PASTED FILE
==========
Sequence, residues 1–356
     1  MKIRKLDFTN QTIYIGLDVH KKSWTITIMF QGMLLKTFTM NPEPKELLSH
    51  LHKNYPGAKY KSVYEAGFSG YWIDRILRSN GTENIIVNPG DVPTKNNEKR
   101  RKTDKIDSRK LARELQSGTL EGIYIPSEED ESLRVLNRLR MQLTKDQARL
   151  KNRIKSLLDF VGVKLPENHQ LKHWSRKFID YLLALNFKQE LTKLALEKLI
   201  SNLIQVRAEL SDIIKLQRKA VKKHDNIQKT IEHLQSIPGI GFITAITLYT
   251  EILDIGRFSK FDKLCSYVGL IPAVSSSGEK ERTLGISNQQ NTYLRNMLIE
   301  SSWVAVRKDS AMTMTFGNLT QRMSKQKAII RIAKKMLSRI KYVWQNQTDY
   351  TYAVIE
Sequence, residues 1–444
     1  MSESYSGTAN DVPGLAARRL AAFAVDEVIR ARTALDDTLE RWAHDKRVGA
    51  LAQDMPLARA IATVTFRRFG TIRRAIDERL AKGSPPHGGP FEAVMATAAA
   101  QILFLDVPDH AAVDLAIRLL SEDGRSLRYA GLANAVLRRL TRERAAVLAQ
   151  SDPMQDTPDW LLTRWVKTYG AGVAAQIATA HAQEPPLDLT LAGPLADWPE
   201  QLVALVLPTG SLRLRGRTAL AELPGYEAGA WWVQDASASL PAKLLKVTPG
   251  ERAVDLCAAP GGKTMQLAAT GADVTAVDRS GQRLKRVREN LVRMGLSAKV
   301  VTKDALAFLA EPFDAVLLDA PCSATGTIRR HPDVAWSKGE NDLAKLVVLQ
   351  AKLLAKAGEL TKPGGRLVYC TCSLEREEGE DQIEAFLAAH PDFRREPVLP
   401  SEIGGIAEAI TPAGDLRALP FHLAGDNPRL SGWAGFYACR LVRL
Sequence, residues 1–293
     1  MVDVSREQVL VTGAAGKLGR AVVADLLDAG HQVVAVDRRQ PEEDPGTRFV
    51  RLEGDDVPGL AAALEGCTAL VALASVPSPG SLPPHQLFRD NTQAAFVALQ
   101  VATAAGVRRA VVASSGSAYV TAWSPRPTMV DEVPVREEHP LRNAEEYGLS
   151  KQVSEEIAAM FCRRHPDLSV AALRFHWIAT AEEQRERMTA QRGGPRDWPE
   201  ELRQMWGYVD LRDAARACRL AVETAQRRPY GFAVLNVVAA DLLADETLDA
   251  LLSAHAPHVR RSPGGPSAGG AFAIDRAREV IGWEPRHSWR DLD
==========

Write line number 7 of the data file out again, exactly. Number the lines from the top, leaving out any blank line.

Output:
   251  EILDIGRFSK FDKLCSYVGL IPAVSSSGEK ERTLGISNQQ NTYLRNMLIE